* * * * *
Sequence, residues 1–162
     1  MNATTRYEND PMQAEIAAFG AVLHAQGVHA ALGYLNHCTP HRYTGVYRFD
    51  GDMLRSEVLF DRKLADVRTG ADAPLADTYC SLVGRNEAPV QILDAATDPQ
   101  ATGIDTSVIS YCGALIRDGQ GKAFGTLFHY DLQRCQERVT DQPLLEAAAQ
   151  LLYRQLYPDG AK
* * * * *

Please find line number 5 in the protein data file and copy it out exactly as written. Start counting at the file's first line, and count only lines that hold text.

   151  LLYRQLYPDG AK